Companies of all stripes are hurting. Just not MasterCard (MA). The New York-based “transaction processor” and card company painted a pretty sweet picture of what it expects in earnings going forward. As per Bloomberg:
MasterCard, the world's second-biggest credit card network, rose to its highest level in New York trading since going public in May 2006 after increasing its profit-growth target on expanding card use outside the U.S. The network expects net income to increase an average 20 percent to 30 percent annually over the next three years starting in 2009, MasterCard said today in a conference, compared with a previous goal of 15 percent to 20 percent.
This is great news for MasterCard and its shareholders. Here's why:
First, in 2008 and 2009 Wall Street had been expecting the company to earn $8.65 and $10.55 a share respectively (which suggests an almost 22% forecasted rate of growth). So this unexpected acceleration, from an already high base of earnings, is bound to draw more than a few eyeballs and generate some positive sell-side research.
Second, every quarter many fund managers generally look to jettison underperforming companies and to bulk up on companies that are both delivering and expected to deliver good news. Enter MasterCard. That window dressing toward the end of the second quarter could give the stock a nice goose as well.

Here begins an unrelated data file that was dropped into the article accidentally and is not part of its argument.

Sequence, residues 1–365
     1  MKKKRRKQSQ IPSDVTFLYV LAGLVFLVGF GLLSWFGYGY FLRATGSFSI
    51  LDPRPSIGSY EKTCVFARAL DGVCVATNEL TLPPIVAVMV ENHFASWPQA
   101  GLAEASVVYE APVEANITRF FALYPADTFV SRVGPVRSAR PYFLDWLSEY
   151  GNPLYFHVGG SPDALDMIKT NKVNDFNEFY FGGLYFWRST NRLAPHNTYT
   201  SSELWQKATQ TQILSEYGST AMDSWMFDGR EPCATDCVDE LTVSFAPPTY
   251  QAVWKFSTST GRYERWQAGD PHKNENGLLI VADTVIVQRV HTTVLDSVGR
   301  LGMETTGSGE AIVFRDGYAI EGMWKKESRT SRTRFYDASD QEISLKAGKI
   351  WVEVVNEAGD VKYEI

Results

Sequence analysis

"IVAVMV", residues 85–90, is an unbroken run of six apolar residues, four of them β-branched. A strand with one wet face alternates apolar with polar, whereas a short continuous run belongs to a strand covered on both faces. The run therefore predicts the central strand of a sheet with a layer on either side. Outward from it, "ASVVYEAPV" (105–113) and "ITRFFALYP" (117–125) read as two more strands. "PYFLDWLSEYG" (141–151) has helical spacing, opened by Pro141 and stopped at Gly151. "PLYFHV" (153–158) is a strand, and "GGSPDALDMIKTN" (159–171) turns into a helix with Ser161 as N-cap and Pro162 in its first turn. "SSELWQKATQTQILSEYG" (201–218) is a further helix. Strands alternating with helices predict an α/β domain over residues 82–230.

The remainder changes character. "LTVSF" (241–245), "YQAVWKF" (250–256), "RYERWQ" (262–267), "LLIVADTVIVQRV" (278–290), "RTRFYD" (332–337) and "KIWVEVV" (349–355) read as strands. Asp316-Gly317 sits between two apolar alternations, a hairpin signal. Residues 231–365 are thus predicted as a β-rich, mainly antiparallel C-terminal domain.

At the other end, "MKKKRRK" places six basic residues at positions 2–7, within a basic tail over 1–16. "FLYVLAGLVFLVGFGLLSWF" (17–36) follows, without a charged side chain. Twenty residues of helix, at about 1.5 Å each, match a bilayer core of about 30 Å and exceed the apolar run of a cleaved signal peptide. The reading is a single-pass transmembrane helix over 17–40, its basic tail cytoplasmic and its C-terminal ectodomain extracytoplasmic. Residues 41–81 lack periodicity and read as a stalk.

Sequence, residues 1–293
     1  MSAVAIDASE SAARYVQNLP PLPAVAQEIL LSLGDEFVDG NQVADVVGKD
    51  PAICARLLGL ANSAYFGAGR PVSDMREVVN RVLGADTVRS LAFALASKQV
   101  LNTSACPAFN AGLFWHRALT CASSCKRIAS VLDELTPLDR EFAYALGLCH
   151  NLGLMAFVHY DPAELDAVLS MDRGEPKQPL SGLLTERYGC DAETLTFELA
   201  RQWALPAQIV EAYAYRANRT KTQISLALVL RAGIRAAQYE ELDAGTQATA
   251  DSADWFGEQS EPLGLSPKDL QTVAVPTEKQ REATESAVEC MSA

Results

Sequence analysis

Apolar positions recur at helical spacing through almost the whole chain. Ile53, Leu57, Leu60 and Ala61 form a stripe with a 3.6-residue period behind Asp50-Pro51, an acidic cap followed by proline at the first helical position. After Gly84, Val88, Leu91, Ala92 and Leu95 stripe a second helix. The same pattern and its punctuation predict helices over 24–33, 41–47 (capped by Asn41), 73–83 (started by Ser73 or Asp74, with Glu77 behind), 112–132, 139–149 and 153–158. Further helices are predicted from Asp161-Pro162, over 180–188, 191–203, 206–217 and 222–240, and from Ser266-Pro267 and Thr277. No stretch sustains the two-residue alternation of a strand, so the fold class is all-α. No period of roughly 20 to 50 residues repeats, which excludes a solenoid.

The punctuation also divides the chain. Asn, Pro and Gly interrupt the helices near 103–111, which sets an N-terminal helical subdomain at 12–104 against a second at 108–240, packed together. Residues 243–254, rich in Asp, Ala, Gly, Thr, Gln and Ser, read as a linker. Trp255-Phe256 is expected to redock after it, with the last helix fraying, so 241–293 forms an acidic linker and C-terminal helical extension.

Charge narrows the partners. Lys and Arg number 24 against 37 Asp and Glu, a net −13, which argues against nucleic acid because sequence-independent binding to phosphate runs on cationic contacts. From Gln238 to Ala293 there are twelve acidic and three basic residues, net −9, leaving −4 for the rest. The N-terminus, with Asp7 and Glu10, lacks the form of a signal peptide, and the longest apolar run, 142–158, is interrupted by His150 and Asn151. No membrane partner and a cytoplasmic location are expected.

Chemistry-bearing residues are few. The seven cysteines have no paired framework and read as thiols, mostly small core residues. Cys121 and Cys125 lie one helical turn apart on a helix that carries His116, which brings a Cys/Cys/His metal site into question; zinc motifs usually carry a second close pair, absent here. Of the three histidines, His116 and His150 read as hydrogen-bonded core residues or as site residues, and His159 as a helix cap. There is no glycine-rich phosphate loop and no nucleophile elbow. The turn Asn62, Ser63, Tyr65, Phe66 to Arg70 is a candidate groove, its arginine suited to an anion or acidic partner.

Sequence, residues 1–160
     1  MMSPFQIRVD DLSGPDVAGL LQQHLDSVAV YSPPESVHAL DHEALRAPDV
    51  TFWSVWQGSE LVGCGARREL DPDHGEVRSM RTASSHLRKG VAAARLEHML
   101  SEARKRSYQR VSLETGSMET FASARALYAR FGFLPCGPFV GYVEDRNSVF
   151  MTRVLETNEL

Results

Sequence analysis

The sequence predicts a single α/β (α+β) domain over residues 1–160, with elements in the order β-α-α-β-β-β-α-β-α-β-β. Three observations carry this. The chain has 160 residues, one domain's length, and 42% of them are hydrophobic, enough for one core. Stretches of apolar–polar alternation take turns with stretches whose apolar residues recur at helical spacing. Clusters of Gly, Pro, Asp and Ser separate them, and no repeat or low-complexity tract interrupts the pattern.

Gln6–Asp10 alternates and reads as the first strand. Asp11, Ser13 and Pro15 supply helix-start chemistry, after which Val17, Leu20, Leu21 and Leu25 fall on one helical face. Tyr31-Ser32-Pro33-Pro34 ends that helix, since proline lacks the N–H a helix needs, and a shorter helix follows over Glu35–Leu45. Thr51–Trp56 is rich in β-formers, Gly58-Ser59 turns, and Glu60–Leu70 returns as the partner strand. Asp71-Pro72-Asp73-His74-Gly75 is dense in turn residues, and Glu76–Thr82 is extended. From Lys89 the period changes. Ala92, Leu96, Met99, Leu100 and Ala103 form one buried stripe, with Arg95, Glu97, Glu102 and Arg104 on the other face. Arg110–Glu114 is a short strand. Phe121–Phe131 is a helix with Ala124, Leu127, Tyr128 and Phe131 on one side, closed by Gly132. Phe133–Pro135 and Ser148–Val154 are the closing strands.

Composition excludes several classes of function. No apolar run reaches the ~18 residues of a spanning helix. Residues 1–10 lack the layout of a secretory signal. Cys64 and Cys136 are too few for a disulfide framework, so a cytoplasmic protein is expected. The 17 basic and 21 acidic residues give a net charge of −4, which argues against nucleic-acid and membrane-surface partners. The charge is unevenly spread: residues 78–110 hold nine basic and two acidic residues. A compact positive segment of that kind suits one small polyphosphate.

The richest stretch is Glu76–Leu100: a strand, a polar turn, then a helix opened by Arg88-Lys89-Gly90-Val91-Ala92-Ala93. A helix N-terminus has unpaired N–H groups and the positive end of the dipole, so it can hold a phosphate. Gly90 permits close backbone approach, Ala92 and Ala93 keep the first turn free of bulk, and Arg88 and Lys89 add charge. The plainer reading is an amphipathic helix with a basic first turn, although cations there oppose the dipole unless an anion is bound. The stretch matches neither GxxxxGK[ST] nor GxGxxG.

Next, it’s important to note that this new growth rate seems quite competitive with Visa (V) which had, in conjunction with its fiscal second quarter numbers, touted its expectation of a “20% or greater” earnings per share growth rate. In turn, this may allow MasterCard to garner the multiple of earnings (or close to it) that Visa is presently enjoying. (Note that Visa currently trades at about 42 times the current year estimate of $2.03 a share, whereas MasterCard currently trades at about 35.7 times the current year estimate of $8.65 a share.)
Another point worth considering is that the growth rate MasterCard is banking on (pun intended) seems in large part predicated on its ability to continue to grow overseas. In fact, the aforementioned Bloomberg piece points out that “MasterCard generates half its revenue from overseas and is less reliant on the U.S. than Visa, which gets about two-thirds from domestic transactions.” This apparent diversity, if you will, may make it the better play, particularly since the U.S. consumer is so unpredictable as this point.
The flip side: This news can cut both ways. MasterCard just set the bar pretty high. If it were to fail to live up to those expectations, the stock could get hit - big time.
Shares of MasterCard were up more than 22 points, or almost 8%, the other day. While there was some fairly severe profit-taking on Friday, its upbeat outlook suggests the stock may be headed higher still over the next several weeks and months.
Long V and MA